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X OF SWORDS Aftermath: Arakko Runs Up The Score And Storm Beats Death In X-FORCE #14

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X of Swords comes to a close this week, and while these articles will avoid any in-depth discussions about how these remaining issues lead into the ending, I will still be looking at evaluating this event, its easter eggs, and its storytelling nuances.

X-Force #14 reinforces my earlier comments about this event’s anti-climactic nature, as this issue breezes through multiple challenges, very few of which involve actual sword fights to the death. Instead, readers are treated to single panels depicting a dance contest, characters solving a literal puzzle, and Gorgon rushing to make love to a rock (for real). Unfortunately for Krakoa, Arakko wins most of these contests, with Captain Avalon accusing Saturnyne of rigging the contest against Krakoa (more on this in my future piece on Cable #6 and X of Swords: Destruction).

This issue culminates with Storm’s conflict with Death, but unfortunately, she is still drunk from the blightswill and cut off from her powers. Some might have assumed that this would put Storm at an insurmountable advantage, but for long-time X-fans, Storm’s victory here is no surprise.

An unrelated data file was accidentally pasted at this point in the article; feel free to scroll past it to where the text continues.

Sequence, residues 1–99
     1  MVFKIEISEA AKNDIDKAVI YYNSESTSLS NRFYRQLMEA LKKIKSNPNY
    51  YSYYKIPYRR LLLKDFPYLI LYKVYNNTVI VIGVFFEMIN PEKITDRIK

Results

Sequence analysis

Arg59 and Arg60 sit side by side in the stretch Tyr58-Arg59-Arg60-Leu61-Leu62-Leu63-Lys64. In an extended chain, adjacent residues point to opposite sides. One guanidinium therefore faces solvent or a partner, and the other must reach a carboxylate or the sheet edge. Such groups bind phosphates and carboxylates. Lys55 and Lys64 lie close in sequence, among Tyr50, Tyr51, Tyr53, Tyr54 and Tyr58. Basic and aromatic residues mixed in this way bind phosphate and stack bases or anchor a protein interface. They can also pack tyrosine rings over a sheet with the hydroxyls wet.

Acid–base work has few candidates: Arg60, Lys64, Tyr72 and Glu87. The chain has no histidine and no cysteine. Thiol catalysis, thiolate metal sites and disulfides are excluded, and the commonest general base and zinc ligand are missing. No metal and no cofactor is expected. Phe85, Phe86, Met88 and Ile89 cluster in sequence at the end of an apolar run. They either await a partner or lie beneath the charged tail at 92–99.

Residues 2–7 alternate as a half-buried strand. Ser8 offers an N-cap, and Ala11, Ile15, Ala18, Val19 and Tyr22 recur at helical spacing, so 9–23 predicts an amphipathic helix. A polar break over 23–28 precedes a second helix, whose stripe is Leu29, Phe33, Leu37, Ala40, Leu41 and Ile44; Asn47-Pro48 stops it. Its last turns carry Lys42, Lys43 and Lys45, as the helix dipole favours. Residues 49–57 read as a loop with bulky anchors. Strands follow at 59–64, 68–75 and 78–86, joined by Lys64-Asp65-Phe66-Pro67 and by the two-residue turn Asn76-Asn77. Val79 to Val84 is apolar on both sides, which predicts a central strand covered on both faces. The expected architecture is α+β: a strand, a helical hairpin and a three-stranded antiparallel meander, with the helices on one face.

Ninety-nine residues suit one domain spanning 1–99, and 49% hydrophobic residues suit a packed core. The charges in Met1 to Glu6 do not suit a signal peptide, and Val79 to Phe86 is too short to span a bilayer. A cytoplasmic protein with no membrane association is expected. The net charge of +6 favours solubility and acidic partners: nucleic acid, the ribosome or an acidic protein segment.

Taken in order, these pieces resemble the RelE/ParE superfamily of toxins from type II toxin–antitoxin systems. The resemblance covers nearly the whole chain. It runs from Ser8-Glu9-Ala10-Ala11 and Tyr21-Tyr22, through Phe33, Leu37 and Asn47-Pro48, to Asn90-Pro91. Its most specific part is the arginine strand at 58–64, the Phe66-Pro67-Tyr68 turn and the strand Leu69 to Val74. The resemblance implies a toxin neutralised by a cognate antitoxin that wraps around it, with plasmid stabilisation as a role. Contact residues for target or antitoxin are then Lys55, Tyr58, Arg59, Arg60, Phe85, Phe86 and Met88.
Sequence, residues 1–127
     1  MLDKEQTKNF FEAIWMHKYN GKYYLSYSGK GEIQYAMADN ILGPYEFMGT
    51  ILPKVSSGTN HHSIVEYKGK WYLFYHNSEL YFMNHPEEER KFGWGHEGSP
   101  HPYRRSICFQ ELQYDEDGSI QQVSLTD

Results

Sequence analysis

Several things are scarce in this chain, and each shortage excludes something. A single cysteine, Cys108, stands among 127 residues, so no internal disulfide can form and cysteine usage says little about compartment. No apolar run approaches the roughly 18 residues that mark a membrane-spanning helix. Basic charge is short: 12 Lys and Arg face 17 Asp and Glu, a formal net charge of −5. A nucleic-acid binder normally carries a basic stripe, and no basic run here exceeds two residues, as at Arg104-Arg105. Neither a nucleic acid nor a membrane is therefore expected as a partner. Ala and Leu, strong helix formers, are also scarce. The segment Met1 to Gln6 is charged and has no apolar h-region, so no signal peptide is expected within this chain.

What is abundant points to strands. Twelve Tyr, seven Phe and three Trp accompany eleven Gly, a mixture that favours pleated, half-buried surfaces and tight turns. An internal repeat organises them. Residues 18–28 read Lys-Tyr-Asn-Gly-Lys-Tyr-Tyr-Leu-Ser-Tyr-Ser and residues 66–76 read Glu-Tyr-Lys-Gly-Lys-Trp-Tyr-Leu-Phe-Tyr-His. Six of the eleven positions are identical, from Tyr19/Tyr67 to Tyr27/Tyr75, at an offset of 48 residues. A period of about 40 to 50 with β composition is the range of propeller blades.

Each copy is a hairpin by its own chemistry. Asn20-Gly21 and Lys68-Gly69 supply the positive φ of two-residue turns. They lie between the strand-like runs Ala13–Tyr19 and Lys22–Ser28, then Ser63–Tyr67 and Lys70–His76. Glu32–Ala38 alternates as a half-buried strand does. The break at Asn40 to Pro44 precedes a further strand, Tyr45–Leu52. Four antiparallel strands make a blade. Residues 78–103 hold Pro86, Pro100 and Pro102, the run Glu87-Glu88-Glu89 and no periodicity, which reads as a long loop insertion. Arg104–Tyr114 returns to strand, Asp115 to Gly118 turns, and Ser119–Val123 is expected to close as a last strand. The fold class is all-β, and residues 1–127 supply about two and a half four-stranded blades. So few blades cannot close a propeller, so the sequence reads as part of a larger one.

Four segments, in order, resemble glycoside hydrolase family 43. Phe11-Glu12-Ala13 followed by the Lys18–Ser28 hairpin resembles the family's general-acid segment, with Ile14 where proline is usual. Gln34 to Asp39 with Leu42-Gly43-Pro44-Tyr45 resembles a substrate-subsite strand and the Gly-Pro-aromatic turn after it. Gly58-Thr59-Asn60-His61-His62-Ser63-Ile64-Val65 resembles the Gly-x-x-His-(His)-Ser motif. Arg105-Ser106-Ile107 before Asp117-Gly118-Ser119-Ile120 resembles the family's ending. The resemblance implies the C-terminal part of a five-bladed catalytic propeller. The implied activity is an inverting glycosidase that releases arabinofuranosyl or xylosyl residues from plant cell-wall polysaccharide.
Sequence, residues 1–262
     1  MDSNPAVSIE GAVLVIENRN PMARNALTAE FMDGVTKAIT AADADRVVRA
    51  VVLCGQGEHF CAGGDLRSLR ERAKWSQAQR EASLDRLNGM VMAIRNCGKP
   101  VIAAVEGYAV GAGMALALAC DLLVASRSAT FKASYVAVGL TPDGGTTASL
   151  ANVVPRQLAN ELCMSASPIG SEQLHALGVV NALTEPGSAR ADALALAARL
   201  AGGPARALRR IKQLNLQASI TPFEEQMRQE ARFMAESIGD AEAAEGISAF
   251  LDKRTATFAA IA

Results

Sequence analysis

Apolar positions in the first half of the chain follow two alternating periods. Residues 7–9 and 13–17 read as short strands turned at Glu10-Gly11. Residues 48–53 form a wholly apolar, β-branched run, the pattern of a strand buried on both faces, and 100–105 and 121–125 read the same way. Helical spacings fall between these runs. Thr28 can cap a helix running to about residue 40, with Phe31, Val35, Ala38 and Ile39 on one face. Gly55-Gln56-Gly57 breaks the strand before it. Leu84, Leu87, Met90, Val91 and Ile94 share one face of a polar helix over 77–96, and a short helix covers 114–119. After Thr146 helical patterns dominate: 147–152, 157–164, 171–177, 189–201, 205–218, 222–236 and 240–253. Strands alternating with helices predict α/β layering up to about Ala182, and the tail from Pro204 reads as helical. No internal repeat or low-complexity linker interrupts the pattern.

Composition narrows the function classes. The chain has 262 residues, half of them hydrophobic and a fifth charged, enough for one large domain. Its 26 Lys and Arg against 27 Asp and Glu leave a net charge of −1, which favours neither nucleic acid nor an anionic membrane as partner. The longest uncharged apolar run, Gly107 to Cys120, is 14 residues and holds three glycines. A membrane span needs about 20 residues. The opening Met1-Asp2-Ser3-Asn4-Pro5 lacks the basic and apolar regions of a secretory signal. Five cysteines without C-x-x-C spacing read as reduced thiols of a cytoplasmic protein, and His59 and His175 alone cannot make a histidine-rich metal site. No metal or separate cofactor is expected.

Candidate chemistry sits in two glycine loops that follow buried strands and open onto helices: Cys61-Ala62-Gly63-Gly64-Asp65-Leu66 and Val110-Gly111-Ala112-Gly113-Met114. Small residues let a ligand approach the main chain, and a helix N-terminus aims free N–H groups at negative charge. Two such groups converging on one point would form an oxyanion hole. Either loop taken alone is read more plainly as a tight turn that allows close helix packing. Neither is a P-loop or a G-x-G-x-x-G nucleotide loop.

All the way back in X-Men #201 (1986), a powerless Storm dueled with Cyclops to determine who would lead the X-Men…and won! By catching her still empowered colleague by surprise, she was able to turn his powers against him and win.

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A powerless Storm is still a dangerous Storm, as Cyclops learned back then, and as Death learns in this issue, as Storm turns his own powers against him and wins. All while she was powerless. And drunk.

While this event has been a bit iffy in excitement, it is nice to see the depiction of a powerful, competent Storm, who even without her powers can overcome Death itself.

X-Force #14 is available now!

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Matthew Brakehttps://www.popularcultureandtheology.com
Matthew Brake is the series editor for the book series Theology and Pop Culture from Lexington Books. He is also the co-editor of the forthcoming Religion and Comics series from Claremont Press. He holds degrees in Interdisciplinary Studies and Philosophy from George Mason University. He also writes for Sequart and the Blackwell Popular Culture and Philosophy blog.